WORSE THAN FACEBOOK SCANDAL: ANYONE COULD GEOLOCATE ANYONE REALTIME

Visualization of 2.5 million GPS points for 3.5 years by Aaron Parecki (profile)(source)


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First we learned that our private location information could be easily retrieved by almost any police officer in America.  Without a warrant. Supposedly with, but in actuality without, informed consent.  With little to no oversight.

Then, LocationSmart was busted by Robert Xiao, a brilliant up-and-coming academic security researcher (curriculum vitae PDF).

He demonstrated that, until recently, your location information could be retrieved by absolutely anyone with your phone number.


Robert Xiao's dissection of the vulnerability
I repeat, up until may 17th, 2018, it was trivially easy for absolutely anyone to locate absolutely anyone else's phone WITH ONLY THE NUMBER

… and it very probably still isn't that hard. 

I say "until may 17th, 2018," because that's when LocationSmart "fixed" the security vulnerability that enabled anyone, armed with a cell number, to locate it geographically in real time.  They disabled the free demo of the service after being found out.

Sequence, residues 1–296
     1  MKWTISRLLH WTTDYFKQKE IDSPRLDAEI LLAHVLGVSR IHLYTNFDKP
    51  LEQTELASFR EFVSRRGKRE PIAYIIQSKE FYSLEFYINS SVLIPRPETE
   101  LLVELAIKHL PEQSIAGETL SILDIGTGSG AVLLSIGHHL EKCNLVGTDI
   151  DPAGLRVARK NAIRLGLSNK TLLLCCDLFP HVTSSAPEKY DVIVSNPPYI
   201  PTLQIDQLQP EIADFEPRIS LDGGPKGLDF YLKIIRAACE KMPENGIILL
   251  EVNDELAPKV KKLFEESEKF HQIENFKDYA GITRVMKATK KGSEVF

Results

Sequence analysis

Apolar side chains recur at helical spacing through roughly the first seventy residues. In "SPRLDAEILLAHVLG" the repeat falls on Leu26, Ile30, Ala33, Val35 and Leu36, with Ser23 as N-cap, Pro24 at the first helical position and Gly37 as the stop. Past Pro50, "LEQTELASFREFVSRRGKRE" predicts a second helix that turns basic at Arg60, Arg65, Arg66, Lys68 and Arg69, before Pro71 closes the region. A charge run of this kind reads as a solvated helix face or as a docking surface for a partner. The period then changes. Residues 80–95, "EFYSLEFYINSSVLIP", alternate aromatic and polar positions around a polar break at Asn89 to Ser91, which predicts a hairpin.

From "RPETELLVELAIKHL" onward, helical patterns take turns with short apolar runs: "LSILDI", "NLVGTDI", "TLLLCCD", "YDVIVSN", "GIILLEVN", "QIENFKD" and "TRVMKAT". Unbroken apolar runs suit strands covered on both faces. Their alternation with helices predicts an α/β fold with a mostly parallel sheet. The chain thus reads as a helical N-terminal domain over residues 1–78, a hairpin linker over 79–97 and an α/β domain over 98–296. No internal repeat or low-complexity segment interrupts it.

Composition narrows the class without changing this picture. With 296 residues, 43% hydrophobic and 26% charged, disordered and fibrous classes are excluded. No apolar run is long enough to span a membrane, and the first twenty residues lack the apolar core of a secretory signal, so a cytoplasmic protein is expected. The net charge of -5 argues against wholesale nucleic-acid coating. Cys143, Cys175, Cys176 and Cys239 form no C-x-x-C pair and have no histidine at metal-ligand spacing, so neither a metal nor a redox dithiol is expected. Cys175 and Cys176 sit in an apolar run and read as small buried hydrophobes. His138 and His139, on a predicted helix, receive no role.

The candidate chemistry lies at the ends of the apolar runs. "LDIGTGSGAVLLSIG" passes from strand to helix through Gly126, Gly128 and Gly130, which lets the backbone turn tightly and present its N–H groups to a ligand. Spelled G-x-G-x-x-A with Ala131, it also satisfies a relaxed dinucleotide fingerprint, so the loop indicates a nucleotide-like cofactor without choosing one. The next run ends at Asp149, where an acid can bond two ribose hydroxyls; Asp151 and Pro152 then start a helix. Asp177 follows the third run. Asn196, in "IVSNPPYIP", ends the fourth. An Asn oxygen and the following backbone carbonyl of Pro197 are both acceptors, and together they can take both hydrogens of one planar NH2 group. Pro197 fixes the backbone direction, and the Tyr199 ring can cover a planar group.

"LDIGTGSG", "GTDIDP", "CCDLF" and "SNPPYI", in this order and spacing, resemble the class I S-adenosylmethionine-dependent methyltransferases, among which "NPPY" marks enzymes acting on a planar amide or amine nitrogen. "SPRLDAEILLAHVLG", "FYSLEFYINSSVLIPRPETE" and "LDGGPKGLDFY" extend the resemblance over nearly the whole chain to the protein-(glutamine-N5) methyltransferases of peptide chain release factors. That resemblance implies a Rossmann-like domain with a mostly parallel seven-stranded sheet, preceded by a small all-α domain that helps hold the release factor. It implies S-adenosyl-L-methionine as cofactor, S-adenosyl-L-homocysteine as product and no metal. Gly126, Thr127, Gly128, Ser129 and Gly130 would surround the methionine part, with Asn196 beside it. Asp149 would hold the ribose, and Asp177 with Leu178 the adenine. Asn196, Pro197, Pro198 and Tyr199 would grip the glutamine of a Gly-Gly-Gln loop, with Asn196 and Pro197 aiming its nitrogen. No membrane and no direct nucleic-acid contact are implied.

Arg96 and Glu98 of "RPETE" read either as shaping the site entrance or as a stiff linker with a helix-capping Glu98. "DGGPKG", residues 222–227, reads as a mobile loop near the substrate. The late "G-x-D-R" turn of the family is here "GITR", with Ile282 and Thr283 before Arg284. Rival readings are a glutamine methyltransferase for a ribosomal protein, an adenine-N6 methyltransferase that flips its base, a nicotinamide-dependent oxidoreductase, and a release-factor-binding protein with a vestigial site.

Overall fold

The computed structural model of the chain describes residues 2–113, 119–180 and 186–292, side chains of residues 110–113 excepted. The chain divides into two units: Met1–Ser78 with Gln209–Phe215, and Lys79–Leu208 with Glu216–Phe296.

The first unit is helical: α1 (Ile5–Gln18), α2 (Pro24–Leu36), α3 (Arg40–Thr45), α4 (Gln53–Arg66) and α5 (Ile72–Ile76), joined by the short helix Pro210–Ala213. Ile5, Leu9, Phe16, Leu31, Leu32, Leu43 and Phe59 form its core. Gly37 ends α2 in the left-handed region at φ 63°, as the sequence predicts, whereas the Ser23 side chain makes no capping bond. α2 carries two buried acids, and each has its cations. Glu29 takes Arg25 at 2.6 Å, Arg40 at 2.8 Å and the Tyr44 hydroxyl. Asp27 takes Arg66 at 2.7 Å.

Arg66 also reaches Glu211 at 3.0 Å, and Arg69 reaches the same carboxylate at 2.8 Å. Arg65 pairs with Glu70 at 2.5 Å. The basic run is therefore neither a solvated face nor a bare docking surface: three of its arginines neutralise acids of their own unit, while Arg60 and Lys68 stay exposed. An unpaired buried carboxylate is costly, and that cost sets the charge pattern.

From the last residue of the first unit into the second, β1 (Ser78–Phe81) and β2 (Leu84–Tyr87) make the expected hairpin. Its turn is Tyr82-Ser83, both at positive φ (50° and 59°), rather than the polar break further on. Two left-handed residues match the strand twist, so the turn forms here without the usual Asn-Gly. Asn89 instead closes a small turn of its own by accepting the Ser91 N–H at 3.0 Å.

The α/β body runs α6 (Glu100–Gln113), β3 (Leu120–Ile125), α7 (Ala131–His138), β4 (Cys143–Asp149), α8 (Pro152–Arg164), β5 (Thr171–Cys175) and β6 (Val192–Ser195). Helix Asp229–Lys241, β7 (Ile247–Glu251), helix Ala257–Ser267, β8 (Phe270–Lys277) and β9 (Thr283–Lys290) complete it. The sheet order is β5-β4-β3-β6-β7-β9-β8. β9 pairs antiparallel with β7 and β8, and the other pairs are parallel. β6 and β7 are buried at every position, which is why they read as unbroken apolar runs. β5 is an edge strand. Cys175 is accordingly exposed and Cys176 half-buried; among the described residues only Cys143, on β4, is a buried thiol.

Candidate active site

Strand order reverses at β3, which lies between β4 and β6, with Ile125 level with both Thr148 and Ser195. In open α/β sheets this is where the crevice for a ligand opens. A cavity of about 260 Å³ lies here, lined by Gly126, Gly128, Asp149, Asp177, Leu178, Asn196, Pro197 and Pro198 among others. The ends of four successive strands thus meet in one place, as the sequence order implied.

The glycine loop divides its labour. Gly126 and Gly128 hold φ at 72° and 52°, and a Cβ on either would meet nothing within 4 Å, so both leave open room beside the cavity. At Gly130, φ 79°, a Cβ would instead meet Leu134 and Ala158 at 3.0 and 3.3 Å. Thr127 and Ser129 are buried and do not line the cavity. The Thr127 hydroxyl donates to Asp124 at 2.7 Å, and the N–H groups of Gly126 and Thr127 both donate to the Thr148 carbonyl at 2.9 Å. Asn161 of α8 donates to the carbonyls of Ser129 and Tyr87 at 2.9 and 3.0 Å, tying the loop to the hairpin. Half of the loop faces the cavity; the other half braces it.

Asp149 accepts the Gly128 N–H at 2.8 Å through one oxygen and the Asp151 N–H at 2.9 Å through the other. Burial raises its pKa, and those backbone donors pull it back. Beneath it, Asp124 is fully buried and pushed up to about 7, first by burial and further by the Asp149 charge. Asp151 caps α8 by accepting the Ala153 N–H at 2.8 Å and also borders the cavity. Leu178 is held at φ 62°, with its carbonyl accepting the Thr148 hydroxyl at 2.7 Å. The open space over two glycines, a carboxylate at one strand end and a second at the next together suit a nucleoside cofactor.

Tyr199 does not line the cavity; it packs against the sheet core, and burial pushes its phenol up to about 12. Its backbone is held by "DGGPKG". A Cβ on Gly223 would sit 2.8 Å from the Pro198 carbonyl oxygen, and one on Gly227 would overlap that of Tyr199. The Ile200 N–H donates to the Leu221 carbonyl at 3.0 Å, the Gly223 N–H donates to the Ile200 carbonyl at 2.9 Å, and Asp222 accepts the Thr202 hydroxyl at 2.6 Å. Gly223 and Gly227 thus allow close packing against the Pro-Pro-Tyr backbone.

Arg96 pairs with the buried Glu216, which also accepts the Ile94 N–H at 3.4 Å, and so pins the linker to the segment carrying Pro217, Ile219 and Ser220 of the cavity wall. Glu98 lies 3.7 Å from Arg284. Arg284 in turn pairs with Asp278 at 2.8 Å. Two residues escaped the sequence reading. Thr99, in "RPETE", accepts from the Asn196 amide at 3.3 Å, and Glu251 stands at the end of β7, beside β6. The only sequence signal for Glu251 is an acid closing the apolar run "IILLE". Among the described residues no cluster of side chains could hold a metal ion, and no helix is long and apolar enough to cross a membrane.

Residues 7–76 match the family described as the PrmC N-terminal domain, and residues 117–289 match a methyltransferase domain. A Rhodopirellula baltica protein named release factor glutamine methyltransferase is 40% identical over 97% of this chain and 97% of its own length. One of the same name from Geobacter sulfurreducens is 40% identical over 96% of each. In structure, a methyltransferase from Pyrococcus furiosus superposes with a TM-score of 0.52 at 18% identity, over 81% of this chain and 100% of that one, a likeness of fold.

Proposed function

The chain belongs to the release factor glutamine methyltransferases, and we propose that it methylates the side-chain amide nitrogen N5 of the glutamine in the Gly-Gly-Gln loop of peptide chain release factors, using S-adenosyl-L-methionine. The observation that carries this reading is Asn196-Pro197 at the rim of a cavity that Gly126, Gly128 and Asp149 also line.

That's all they did to fix it: they took the 'free demo' webpage down.


LocationSmart OnAsset Case Study
I say "and it very probably still isn't that hard" because the page was to a free demo. Anyone who already has an account can still do what was demonstrated.  It is not a stretch of the imagination to think that anyone with a business name and enough money can still, easily, open a new account.

And surely, if there is one company, there are more.
 
A Possible Solution


NOW I AM NOT A LAWYER, AND THE THIS IS THEREFORE NOT LEGAL ADVICE.

We have to start somewhere.  Because situation untenable. I invite you, Gentle Reader, to please leave a comment, send an email, or @ me on twitter, if you have a better idea. 

Without a reasonable expectation, personal privacy is much, much harder to defend. If 'everyone knows' that 'all the information' on 'everyone' is 'collected,' we would have no legal basis to complain. None.

Illogical though this may seem, however, if on the other hand, the opposite is believed to be true, as I understand it, that would be anther matter, entirely.  As with community standards, so with common law.  If we all expect our privacy honored it would have to be.

So say this aloud:

"As an American citizen, I have every expectation of privacy."


Tell your friends.



Be seeing you. 



(This is the SHORT version of this post)

Full Version HERE
for the slightly longer but still pretty short version, 
go to the MAIN POINT of that post
or just check out its LINKS

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